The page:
It’s been a dragon’s age! But I’d like to revivify Tabletop Tuesday. Dungeons & Dragons 5th edition is what I’m playing lately, so that’s the lens I’ll be looking through, but these ideas can be applied to any roleplaying game. Today, I’d like to talk to you about trinkets as tiny story engines. Step on in and sample the wares and oddities…

Trinkets You Say?

Trinkets are odd objects–some mundane, some slightly mystical–none of them powerful or necessarily useful, but quirky story bits. A trinket might be anything from a mummified goblin hand, to an indecipherable treasure map. There is a nifty, rollable table of trinkets on p.160 of the Player’s Handbook. They are a great way to flesh out the contents of treasure chest, desk drawer, or monster’s pockets.

Until recently, I missed the bit in the book that suggests letting a player role for a trinket during character creation. I’ve since applied this technique to games I run and games I play in. In all cases, I’ve found that adding a random, strange object to a character instantly generates fun backstory.

Let me give you some examples.

A Sampling of Trinkets


Leaf is a wood elf ranger, something of a tragic badass — last survivor of an elven tribe specialized in hunting giants. Leaf hides out in a carnival as a sharpshooter, but the performer’s life grates on him and he medicates his crippling survivor’s guilt with drugs and drink.

For a trinket, Leaf rolled: A nightcap that, when worn, gives you pleasant dreams. The player decided Leaf bought this cap from a mysterious tinker. It is the only way Leaf can sleep without waking up screaming. What’s more, the player decided it is a very pretty nightcap, with brightly-colored floral designs and lace. Many are confused when seeing this grim elf wearing it, or to what ends he’d go to protect his most prized possession.


Flash is a half-elf ranger, a bro-jock who happens to be an expert at hunting slimes and oozes. Flash is something of an exterminator of slimy monsters in the catacombs and crawlspaces of Waterdeep.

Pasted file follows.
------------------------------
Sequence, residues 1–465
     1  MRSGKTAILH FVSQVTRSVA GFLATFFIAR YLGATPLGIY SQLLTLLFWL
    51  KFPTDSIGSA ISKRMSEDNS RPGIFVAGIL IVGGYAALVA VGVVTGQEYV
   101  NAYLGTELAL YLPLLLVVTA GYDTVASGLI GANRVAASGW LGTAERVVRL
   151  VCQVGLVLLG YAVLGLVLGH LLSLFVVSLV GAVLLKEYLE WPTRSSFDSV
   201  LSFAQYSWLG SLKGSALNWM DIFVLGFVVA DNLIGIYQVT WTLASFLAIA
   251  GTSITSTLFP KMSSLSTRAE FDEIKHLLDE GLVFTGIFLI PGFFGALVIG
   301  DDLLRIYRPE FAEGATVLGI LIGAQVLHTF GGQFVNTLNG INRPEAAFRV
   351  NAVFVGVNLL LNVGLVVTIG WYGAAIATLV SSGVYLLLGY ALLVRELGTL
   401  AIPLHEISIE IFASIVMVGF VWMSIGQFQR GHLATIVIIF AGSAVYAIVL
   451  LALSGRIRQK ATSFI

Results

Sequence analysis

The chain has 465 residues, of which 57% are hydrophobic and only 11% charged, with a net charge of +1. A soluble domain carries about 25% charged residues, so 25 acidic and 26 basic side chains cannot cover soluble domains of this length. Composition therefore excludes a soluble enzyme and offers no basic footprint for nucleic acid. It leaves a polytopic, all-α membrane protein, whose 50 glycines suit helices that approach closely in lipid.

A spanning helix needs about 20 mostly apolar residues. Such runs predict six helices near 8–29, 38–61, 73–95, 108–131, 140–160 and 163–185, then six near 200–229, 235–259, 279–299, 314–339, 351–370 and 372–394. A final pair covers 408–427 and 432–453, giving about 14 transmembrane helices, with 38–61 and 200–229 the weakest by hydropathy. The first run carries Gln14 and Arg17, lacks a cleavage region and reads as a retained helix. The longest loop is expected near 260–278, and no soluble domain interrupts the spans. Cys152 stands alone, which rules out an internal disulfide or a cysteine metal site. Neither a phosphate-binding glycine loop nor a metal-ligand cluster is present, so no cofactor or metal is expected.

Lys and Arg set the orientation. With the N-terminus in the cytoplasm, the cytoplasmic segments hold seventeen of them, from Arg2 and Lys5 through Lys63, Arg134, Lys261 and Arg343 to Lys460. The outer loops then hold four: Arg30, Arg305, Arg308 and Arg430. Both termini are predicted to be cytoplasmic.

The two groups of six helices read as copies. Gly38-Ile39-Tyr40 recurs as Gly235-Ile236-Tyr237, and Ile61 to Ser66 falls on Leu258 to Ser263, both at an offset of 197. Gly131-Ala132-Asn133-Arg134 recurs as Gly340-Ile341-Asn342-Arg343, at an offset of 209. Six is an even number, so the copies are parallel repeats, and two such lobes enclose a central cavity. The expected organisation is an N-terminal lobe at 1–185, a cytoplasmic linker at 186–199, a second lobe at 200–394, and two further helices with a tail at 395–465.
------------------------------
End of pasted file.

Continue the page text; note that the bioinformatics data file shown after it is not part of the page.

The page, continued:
For a trinket, Flash rolled: A pyramid of sticky black incense that smells very bad. Instantly, the player imagined that Flash has an entrepreneurial soul. He thinks he can use the byproduct of the oozes he slays to make expensive incense.  He boils down the goo into concentrated, reeking sludge, demonstrating his product to his poor party members.


Bleahch is a goblin sorcerer–former henchmen to a villainous wizard wannabe.

For a trinket, Bleahch rolled: A glass jar containing lard with a label that reads, “Griffon Grease”. It doesn’t get much more random than that. Without missing a beat, the player told us the story of how, nn the night his former master botched a dangerous experiment, the jar was the random thing Bleahch stole from the wizard’s shelf. To most, it’s a gross object, but to Bleahch it represents the act of defiance that allowed him to escape an abusive mentor and dare to be something more than a henchman. As another player helpfully pointed out, “Dude, that’s your Dobby sock!”

Pocket-Sized Stories

If you aren’t using trinkets in your character creation, I urge you to. If you are temped just to select one, I further urge you to try it randomly. We have many opportunities to purposefully craft the details of our characters. Let this one fly in the face of chaos! Trinkets are a lovely opportunity to add a little living backstory before your character even enters game.

Character + random object automatically prompts the mind to fill in the question marks with story (especially when said object doesn’t seem to match the character). Think of trinkets as different colored lights and your character as a prism. Shining the light through the prism creates a unique pattern. Apply the same trinket to two different characters, and two different stories are created.

Use the trinket table in the PHB. Find other tables online. Or make your own! Wizards of the Coast even has a free pdf for character options for their Curse of Strahd campaign, that includes a table for gothic horror trinkets.

A Trinket By Any Other Game…

I’ve focused on D&D, but using trinkets as a character creation tecnique easily translates to any roleplaying game. Reference the above mentioned trinket tables, adjust and/or make up your own odd objects to fit the setting and genre of your game.

There be micro-stories lurking in your pockets.